Case Law Details

Case Name : DCIT Vs M/s. Bombay Diamond Co. Ltd. (ITAT Mumbai 'B' Bench)
Appeal Number : I.T.A. 7488/Mum/07
Date of Judgement/Order : 30/11/2009
Related Assessment Year : 2004-05
Courts : All ITAT (4534) ITAT Mumbai (1485)

The assessee earned a capital profit of Rs. 10.38 crores on sale of rights to immovable property. The said profit was directly credited to the capital reserves in the balance sheet instead of being routed through the Profit & loss account. The accounts of the assessee company were duly certified by the auditors and were also adopted in the AGM. The audited accounts were filed with ROC. In the computation of “book profits” for s. 115JB, the said capital profits were not included.

The AO took the view that by not crediting the capital profit to the P&L A/c, the assessee had contravened sub-clause (xi)(a) of clause (3) of Part II of the Schedule VI to the Companies Act and that he was, therefore, entitled to add the capital profit to the “book profit”. On appeal, the CIT (A) reversed the AO on the ground that the AO had no jurisdiction to go beyond the net profit shown in the P&L A/c except to the extent provided in the Explanation to s. 115JB. On appeal by the Revenue, HELD reversing the CIT (A):

(i) Part II of Schedule VI to the Companies Act requires that the P&L A/c of a company shall disclose every material feature including credits or receipts and debits or expenses in respect of non-recurring transactions or transactions of exceptional nature also. The company is also required to set out the various items relating to the income and expenditure of the company arranged under most convenient heads and disclosing profit or loss in respect of transactions of a kind not usually undertaken by the company or undertaken in circumstances of exceptional or non-recurring nature if material in amount.

(ii) As the assessee had not routed the capital profits through the Profit and Loss A/c. and directly credited it to the Balance Sheet, its accounts were not prepared in the manner provided in Part II and Part III of Schedule VI to the Companies Act. The fact that the auditors had certified the accounts is not relevant.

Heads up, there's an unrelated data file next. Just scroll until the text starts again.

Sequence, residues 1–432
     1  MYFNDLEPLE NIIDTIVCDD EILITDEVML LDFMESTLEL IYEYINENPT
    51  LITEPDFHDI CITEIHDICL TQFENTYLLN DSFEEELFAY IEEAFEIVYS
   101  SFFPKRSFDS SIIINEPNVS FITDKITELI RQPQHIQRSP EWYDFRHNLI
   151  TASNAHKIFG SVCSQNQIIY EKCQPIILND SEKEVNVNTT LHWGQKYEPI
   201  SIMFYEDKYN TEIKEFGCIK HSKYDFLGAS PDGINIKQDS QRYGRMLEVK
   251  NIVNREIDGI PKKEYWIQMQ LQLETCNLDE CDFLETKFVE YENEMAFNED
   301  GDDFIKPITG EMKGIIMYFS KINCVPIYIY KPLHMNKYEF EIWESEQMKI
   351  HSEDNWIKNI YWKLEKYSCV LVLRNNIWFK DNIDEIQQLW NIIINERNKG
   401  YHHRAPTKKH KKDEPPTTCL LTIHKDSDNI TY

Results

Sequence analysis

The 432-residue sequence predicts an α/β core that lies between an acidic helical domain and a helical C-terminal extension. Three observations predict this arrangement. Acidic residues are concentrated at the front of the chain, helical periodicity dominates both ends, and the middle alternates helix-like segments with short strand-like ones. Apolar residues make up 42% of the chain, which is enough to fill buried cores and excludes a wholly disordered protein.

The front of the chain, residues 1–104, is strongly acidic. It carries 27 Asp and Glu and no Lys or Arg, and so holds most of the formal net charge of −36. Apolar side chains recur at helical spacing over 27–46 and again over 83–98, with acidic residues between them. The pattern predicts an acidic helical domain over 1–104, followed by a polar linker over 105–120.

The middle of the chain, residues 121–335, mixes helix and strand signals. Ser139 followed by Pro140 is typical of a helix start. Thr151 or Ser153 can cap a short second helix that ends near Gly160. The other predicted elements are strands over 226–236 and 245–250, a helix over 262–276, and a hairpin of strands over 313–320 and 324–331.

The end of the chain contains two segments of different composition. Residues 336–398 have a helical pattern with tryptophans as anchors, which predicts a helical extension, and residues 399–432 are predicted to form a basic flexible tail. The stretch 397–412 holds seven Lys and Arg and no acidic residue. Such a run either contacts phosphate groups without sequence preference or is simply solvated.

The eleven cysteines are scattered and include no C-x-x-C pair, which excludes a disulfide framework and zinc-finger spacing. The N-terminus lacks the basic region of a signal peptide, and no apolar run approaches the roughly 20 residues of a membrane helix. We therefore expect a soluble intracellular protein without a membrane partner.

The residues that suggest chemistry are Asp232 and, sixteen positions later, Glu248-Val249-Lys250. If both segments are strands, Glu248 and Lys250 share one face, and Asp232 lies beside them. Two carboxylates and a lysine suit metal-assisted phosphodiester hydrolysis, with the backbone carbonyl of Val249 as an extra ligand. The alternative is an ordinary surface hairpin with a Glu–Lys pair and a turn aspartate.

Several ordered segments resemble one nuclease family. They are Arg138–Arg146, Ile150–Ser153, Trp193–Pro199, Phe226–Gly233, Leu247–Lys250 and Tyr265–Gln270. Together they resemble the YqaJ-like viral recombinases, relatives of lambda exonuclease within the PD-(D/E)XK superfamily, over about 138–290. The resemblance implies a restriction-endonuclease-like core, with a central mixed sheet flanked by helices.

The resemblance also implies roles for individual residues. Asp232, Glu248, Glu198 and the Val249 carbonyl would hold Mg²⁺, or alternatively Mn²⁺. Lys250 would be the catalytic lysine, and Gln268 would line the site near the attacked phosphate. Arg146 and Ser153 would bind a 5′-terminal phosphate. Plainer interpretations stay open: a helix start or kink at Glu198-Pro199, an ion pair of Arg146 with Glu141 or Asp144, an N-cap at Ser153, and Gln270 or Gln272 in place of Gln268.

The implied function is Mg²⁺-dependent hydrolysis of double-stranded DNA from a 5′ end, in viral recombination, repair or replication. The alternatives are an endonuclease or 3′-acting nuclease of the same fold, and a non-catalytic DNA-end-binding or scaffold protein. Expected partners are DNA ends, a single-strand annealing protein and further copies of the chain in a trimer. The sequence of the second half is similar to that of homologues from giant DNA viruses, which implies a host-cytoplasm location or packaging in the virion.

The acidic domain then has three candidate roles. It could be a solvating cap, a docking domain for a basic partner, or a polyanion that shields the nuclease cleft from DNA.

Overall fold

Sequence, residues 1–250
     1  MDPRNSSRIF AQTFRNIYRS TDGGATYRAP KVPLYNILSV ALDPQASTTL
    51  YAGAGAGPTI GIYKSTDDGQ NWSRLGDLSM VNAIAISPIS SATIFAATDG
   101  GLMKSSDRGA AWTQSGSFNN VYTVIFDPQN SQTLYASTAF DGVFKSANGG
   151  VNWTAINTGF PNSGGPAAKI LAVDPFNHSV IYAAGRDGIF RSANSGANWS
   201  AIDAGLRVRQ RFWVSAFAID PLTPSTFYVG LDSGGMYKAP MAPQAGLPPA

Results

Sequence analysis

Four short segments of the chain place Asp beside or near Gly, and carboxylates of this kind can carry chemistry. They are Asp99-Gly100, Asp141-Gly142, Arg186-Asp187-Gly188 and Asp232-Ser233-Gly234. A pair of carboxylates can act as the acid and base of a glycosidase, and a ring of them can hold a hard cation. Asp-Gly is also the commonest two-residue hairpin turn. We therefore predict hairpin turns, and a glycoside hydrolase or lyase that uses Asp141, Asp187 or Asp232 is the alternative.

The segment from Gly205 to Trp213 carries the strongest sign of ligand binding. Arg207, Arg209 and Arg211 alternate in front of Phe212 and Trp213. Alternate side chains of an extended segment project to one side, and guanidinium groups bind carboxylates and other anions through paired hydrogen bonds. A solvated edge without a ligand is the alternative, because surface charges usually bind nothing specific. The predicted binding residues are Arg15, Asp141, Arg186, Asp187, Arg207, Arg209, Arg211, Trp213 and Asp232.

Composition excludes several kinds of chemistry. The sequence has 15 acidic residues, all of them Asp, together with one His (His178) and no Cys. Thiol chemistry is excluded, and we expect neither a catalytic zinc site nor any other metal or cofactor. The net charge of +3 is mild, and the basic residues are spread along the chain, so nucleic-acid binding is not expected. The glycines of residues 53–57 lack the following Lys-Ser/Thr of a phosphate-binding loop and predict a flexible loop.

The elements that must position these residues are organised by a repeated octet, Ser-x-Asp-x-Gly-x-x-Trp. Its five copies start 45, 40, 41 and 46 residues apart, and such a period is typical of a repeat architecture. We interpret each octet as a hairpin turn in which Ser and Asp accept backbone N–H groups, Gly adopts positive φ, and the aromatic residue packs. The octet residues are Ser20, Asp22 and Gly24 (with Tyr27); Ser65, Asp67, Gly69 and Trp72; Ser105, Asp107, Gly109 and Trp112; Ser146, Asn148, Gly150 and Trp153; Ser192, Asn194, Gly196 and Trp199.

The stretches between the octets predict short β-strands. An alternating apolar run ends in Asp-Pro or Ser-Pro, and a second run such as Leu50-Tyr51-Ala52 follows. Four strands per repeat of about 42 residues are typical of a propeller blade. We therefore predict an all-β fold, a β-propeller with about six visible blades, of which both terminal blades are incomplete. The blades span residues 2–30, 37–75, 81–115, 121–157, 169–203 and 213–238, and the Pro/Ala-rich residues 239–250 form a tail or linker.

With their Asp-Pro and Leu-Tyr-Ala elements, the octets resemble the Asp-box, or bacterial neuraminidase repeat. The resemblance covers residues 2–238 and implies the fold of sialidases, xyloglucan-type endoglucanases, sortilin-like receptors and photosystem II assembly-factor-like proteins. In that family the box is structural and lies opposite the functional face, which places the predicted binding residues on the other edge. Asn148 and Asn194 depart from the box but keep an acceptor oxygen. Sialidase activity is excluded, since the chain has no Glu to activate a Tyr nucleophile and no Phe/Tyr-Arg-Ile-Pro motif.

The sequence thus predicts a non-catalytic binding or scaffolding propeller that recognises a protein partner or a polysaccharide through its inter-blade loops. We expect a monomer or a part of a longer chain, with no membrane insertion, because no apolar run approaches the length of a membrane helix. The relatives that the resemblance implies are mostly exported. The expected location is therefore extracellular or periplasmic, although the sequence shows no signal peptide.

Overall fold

(iii) In Apollo Tyres Ltd 265 ITR 273 and Kinetic Motor Co. Ltd 262 ITR 340 it was held that if the accounts were prepared in accordance with Schedule VI, the AO had no jurisdiction to make adjustments beyond what was provided in s. 115JB. However, as the assessee had bypassed the provisions of Schedule VI and directly credited the capital profit to the reserve account, these judgements did not apply and the AO had the power to rework the book profit.

FULL TEXT IF THE CASE LAW

IN THE INCOME TAX APPELLATE TRIBUNAL

“B” BENCH, MUMBAI

BEFORE SHRI D.K. AGARWAL, JM & SHRI R.K. PANDA, AM

Income tax Appeal No. 7488/Mum/07
Assessment year 2004-05
Appellant DCIT, Circle 3(1)

Room No. 607, 6th Floor,

Aayakar Bhavan

Mumbai-400 020

Respondent M/s. Bombay Diamond Co. Ltd.

Su-Raj House, 73-C Cross Road

MIDC Marol, Andheri (East)

Mumbai-400 093

PAN:AAACB0495K

Date of hearing: 22.09.2009
Date of order: 30.11.2009

This appeal filed by the Revenue is directed against the order dated 29.9.2007 of the CIT(A)-XXVII, Mumbai relating to assessment year 2004-05.

2. Grounds of appeal No. 1 by the Revenue reads as under:

“On the facts and in the circumstances of the case and in law, the Ld. CIT(A) erred in treating the loss incurred on cancellation of foreign exchange forward contract as business loss.”